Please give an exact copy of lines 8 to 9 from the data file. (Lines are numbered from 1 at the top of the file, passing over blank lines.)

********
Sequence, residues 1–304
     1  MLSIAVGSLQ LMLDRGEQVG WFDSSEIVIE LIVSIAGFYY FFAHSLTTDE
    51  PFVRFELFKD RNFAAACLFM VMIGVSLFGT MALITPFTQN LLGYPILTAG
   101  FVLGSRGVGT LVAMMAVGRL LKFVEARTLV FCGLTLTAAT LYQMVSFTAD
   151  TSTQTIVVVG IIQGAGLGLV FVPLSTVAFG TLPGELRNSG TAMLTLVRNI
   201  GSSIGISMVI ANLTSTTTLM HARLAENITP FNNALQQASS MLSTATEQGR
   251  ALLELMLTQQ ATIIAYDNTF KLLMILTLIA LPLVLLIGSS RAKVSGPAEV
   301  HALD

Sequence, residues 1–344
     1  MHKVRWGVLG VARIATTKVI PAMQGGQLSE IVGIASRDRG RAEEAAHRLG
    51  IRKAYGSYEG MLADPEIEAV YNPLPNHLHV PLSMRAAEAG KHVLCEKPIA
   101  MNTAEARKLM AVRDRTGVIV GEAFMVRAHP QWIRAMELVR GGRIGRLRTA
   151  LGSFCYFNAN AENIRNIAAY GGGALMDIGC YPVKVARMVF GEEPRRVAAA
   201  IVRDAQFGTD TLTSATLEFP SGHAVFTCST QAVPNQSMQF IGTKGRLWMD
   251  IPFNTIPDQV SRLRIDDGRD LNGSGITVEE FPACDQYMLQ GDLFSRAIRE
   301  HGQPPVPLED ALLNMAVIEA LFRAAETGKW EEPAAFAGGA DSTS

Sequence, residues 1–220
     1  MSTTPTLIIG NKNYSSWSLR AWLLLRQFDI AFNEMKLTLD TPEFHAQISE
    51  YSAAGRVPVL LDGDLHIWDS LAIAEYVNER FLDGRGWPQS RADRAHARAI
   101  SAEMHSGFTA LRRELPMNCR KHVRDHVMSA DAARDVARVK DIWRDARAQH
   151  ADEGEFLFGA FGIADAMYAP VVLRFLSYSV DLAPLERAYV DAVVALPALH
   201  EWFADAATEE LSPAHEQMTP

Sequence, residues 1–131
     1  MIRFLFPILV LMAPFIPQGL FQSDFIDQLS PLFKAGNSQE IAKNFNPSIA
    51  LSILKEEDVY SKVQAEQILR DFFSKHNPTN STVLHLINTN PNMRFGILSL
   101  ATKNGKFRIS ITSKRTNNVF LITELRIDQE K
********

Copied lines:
   301  HALD

Sequence, residues 1–344